Quantcast

In Sign of Climate Pressure, Royal Dutch Shell Sells Permian Basin Holdings

Energy
Oil and gas infrastructure in the Permian Basin.
A flare stack next to pump jacks and other oil and gas infrastructure on April 24, 2020 in the Permian Basin near Odessa, Texas. PAUL RATJE / AFP via Getty Images

Royal Dutch Shell announced Monday it was selling its oil and gas production in Texas's Permian Basin to ConocoPhillips for $9.5 billion in cash.


The move reflects pressure on European fossil fuel companies like the Netherlands-based Shell to shift towards cleaner sources of energy in response to the climate crisis, The New York Times reported. It also comes around four months after a Dutch court ordered the company to reduce its greenhouse gas emissions to 45 percent of 2019 levels by 2030.

"After reviewing multiple strategies and portfolio options for our Permian assets, this transaction with ConocoPhillips emerged as a very compelling value proposition," Shell Upstream director Wael Sawan said in an announcement. "This decision once again reflects our focus on value over volumes as well as disciplined stewardship of capital."

The Permian Basin is the largest oil field in the U.S., and the sale comes as production is recovering there following the coronavirus pandemic, The New York Times noted. It produced 4.7 million barrels a day in August, which is up almost 400,000 barrels a day from January and represents more than 40 percent of U.S. oil production. In an indication that its decision is motivated by climate concerns, Shell said in its announcement that its Upstream division was concerned with creating "a more focused, competitive and resilient portfolio that provides the energy the world needs today whilst funding shareholder distributions as well as the energy transition."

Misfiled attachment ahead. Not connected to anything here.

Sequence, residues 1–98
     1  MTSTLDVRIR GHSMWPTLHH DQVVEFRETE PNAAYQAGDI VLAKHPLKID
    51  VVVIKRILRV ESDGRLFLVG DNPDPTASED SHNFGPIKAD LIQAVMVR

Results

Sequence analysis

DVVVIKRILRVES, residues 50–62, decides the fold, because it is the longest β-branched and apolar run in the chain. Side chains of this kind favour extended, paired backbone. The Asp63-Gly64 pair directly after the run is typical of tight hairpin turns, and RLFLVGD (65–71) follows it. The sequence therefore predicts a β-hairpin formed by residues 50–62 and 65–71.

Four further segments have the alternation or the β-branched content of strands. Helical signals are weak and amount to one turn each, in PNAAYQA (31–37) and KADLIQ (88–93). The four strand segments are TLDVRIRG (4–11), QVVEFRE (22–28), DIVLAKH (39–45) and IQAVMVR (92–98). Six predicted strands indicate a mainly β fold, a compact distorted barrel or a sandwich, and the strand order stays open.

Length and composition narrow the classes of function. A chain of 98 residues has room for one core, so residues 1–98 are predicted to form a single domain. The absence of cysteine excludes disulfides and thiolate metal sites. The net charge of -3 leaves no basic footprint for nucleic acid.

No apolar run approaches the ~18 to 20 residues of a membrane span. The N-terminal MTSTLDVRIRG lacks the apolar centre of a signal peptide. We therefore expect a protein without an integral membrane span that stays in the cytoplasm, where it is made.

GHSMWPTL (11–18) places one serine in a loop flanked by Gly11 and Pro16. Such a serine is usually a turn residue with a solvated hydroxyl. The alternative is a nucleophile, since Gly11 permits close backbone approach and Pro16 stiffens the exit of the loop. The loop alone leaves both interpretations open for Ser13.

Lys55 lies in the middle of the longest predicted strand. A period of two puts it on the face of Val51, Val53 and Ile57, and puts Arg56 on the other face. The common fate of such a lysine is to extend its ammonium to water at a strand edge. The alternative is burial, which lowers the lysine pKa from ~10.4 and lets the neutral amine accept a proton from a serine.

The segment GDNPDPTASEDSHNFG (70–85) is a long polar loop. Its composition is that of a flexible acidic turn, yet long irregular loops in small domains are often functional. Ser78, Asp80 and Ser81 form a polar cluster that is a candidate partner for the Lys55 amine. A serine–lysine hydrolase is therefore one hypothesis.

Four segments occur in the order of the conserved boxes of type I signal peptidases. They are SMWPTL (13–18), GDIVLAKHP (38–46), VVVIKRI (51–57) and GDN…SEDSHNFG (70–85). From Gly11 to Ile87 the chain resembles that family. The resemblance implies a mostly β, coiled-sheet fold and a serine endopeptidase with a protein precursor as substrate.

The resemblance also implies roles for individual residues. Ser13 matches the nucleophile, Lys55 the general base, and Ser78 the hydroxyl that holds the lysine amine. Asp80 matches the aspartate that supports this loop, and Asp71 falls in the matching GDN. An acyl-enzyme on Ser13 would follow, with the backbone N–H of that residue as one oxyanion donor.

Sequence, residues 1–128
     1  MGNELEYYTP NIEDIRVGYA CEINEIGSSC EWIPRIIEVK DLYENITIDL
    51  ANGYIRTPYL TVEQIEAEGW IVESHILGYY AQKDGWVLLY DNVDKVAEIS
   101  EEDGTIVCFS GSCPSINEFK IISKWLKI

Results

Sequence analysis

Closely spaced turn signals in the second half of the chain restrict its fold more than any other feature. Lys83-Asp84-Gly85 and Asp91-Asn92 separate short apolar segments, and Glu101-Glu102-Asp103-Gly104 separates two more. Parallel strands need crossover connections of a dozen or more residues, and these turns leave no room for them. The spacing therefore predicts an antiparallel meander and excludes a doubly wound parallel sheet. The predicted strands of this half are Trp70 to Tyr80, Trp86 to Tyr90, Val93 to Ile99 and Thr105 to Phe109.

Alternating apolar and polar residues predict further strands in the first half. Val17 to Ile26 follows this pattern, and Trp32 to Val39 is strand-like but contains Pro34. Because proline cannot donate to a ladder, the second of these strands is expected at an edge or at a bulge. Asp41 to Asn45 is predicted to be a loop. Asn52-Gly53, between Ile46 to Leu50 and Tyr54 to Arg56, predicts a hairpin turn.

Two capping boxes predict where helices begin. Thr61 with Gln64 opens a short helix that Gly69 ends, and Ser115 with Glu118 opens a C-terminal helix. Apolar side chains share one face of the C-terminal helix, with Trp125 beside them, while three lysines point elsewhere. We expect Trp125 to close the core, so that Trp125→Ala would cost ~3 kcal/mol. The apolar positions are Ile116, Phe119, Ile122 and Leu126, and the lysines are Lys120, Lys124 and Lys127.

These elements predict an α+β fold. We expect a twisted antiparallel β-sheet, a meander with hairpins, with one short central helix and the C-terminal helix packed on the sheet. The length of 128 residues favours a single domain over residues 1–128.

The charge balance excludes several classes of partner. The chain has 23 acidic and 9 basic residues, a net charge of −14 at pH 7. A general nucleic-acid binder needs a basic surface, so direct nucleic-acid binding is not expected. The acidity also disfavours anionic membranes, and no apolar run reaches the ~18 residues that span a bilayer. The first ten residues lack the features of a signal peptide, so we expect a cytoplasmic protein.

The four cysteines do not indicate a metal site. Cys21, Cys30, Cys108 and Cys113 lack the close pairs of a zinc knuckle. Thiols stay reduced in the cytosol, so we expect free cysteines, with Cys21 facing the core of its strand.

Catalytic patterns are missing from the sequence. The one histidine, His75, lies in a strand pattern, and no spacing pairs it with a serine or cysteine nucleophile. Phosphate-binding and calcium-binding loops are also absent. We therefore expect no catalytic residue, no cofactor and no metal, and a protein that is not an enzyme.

Shell on its own has committed to achieving net zero emissions by 2050 and reducing oil production by as much as two percent per year through 2030.

However, the sale to ConocoPhillips means that overall oil production in the region will likely not decrease. Instead, it reveals a split between European and U.S. fossil fuel companies, Reuters observed. While BP and Shell have pledged to move slowly away from crude production and invest in renewable energy sources like wind and solar, ExxonMobil and Chevron have remained committed to oil and gas.

However, historically, both U.S. and European fossil fuel companies continued production despite being aware of the possible consequences of the climate crisis. An internal document from Shell written in 1986 warned of consequences like flooding and forced migration, as Benjamin Franta wrote for the London School of Economics.

ConocoPhillips now emerges as one of the largest producers in the Permian Basin, Bloomberg reported. The company currently holds 750,000 net acres in the Permian, and the sale will add around 225,000 net acres and more than 600 miles of associated infrastructure to that total, according to Reuters.

"We are very excited to enhance our position in one of the best basins in the world," the company's CEO Ryan M. Lance told The New York Times.

However, ConocoPhillips has also said it will increase its emissions reduction targets, Reuters reported.

Mapping Methane in the Permian Basin youtu.be

EcoWatch Daily Newsletter
Related Articles from EcoWatch
Recent Stories from EcoWatch